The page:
5.4 DataReaders and Schema Information

Schema information is information about the structure of your data. It includes everything from column data types to table relations.

Schema information becomes extremely important when dealing with the ADO.NET DataSet, as you'll learn in the following chapters. However, even if you aren't using the DataSet, you may want to retrieve some sort of schema information from a data source. With ADO.NET, you have two choices: you can use the DataReader.GetSchemaTable( ) method to retrieve schema information about a specific query, or you can explicitly request a schema table from the data source.

5.4.1 Retrieving Schema Information for a Query

As long as a DataReader is open, you can invoke its GetSchemaTable( ) method to return a DataTable object with the schema information for the result set. This DataTable will contain one row for each column in the result set. Each row will contain a series of fields with column information, including the data type, column name, and so on.

Example 5-6 shows code to retrieve schema information for a simple query.

Example 5-6. Retrieving the schema information for a query
// GetSchema.cs - Retrieves a schema table for a query

using System;
using System.Data;
using System.Data.SqlClient;

public class GetSchema
{
    public static void Main() 
    {
        string connectionString = "Data Source=localhost;" +
                     "Initial Catalog=Northwind;Integrated Security=SSPI";
        string SQL = "SELECT * FROM CUSTOMERS";

        // Create ADO.NET objects.
        SqlConnection con = new SqlConnection(connectionString);
        SqlCommand cmd = new SqlCommand(SQL, con);
        SqlDataReader r;
        DataTable schema;

        // Execute the query.
        try
        {
            con.Open();
            r = cmd.ExecuteReader();
            schema = r.GetSchemaTable();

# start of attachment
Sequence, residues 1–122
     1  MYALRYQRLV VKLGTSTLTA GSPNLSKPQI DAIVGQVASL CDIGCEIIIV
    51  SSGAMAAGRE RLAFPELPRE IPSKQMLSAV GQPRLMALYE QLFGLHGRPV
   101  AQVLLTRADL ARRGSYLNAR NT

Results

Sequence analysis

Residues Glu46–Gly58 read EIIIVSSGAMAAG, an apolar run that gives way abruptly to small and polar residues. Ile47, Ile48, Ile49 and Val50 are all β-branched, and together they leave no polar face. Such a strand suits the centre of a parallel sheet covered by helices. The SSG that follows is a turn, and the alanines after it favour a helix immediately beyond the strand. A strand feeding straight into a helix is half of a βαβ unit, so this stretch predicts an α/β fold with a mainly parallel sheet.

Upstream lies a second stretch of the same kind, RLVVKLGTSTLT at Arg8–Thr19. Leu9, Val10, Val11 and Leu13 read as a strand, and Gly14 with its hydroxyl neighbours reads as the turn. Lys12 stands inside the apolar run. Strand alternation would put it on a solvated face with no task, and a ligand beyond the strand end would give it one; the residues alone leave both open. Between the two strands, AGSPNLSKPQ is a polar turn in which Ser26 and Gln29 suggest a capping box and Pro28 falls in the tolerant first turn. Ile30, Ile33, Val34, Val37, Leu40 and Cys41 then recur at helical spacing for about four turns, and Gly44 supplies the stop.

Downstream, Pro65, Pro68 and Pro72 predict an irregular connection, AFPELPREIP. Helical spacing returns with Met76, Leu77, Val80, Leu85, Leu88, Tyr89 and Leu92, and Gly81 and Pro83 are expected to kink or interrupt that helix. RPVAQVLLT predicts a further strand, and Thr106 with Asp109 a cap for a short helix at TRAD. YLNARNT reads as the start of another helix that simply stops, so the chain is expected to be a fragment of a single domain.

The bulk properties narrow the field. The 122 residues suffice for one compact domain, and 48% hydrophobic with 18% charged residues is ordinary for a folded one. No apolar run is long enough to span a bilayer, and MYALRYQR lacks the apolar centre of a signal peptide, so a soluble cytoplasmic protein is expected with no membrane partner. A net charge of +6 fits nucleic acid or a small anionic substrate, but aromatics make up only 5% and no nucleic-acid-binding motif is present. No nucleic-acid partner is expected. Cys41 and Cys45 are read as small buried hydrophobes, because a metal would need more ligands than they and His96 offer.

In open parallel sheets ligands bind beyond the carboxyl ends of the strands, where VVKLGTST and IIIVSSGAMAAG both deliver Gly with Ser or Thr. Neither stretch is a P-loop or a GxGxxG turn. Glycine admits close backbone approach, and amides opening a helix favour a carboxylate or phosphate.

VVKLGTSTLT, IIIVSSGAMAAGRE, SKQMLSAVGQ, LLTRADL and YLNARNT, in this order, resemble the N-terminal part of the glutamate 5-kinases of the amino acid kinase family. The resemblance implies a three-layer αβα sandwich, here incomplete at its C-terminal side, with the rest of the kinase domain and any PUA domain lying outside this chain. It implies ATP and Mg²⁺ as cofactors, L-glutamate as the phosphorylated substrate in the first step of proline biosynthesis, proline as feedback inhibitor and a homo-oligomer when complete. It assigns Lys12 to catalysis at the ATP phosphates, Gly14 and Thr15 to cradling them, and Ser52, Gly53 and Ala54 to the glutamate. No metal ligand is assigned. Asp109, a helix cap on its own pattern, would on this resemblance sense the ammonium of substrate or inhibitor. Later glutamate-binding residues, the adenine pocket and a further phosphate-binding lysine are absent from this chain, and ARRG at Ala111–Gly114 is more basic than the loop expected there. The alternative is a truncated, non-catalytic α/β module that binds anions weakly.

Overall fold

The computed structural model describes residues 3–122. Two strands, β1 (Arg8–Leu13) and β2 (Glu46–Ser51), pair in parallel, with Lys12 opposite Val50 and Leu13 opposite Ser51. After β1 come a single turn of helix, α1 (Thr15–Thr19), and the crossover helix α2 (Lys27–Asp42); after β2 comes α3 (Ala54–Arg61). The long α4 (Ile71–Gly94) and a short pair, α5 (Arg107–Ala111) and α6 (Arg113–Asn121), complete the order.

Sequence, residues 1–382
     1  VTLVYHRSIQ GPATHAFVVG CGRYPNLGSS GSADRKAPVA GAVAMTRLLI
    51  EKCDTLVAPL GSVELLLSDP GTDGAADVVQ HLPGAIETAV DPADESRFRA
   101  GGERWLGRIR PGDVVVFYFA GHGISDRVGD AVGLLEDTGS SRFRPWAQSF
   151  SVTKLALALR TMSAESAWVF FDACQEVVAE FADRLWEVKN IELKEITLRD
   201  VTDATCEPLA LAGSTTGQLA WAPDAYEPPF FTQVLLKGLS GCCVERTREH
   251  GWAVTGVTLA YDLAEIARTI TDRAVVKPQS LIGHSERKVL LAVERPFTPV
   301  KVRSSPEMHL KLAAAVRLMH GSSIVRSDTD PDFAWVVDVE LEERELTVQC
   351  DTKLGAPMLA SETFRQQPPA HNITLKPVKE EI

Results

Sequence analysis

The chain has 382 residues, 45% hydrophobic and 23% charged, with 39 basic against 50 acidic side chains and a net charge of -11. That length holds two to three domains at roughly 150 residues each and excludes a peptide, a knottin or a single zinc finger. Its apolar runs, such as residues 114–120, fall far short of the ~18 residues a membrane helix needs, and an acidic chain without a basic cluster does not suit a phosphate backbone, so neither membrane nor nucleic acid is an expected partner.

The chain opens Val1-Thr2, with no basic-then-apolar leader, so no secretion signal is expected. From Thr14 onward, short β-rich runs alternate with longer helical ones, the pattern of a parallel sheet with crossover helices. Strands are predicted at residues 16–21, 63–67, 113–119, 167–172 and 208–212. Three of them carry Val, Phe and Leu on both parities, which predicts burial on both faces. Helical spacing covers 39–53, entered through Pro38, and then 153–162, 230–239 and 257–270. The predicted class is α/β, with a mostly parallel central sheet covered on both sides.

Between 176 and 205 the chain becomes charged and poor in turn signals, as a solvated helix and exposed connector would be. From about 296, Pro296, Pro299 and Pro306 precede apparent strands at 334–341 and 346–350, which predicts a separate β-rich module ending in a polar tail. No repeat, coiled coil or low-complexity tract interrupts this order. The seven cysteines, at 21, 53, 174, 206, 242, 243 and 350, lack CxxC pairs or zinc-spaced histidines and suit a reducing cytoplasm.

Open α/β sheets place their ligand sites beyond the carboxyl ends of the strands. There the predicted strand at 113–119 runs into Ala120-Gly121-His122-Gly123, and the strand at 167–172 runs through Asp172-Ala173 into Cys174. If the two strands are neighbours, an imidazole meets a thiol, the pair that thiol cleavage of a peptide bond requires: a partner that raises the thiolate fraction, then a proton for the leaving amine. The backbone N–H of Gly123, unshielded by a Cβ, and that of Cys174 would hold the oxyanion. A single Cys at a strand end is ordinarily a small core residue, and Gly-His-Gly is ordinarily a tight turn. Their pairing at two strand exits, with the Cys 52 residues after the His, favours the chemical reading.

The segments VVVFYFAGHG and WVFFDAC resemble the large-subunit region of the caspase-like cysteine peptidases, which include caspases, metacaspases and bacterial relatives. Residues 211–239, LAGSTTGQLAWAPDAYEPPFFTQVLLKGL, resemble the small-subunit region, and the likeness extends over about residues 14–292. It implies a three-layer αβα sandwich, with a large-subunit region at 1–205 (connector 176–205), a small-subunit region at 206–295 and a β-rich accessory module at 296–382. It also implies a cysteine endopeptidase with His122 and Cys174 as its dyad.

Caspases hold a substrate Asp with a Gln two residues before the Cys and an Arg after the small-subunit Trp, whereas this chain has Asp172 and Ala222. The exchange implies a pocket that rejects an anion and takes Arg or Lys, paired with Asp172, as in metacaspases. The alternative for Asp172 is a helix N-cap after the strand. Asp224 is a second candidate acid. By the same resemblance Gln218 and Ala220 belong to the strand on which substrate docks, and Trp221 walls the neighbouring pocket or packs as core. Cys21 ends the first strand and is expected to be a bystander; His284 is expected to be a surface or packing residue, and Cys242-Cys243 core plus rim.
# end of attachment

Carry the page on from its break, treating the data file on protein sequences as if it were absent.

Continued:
}
        finally
        {
            con.Close();
        }

        // Display the schema table.
        foreach (DataRow row in schema.Rows)
        {
            foreach (DataColumn col in schema.Columns)
            {
                Console.WriteLine(col.ColumnName + " = " + row[col]);
            }
            Console.WriteLine();
        }
    }
}

If you run this test, you'll find that it returns a significant amount of information. Here's the output for just a single column in the query (omitting columns that don't return any information):

ColumnName = CustomerID
ColumnOrdinal = 0
ColumnSize = 5
NumericPrecision = 255
NumericScale = 255
IsUnique = False
BaseColumnName = CustomerID
DataType = System.String
AllowDBNull = False
ProviderType = 10
IsIdentity = False
IsAutoIncrement = False
IsRowVersion = False
IsLong = False
IsReadOnly = False

Although you must retrieve the schema DataTable while the DataReader is open, you can store it in a variable and access it later, after the connection is closed. That's because the DataTable is a disconnected data container. For more information about the DataTable object, refer to Chapter 7.

5.4.2 Retrieving Schema Tables

The GetSchemaTable( ) method is ideal if you need schema information based on a query, but it won't allow you to retrieve anything else. For example, you might want to retrieve a list of databases, tables and views, constraints, or stored procedures from a data source. The DataReader has no built-in support for this type of information. However, it is possible to retrieve schema information directly with a specialized command, depending on the data source and data provider you use.

5.4.2.1 Retrieving schema tables with SQL Server

SQL Server exposes schema information through dedicated stored procedures and informational schema views. Informational schema views allow you to retrieve metadata as a table, using a SQL SELECT statement. However, the information is generated internally by the data source, not stored in a table. For example, the code in Example 5-7 shows how you can use one of the information schema views (TABLES) to retrieve a list of all the tables and views in the Northwind database. Though it appears to be querying information from a table, there is no physical table named INFORMATION_SCHEMA.TABLES in the data source.

A full description of information schemas is beyond the scope of this book, but they are described in detail in the SQL Server Books Online (just search for INFORMATION_SCHEMA).

Example 5-7. Retrieving a list of tables using an information schema
// GetTableList.cs - Retrieves a list of tables in a database

using System;
using System.Data.SqlClient;

public class GetTableList
{
    public static void Main() 
    {
        string connectionString = "Data Source=localhost;" +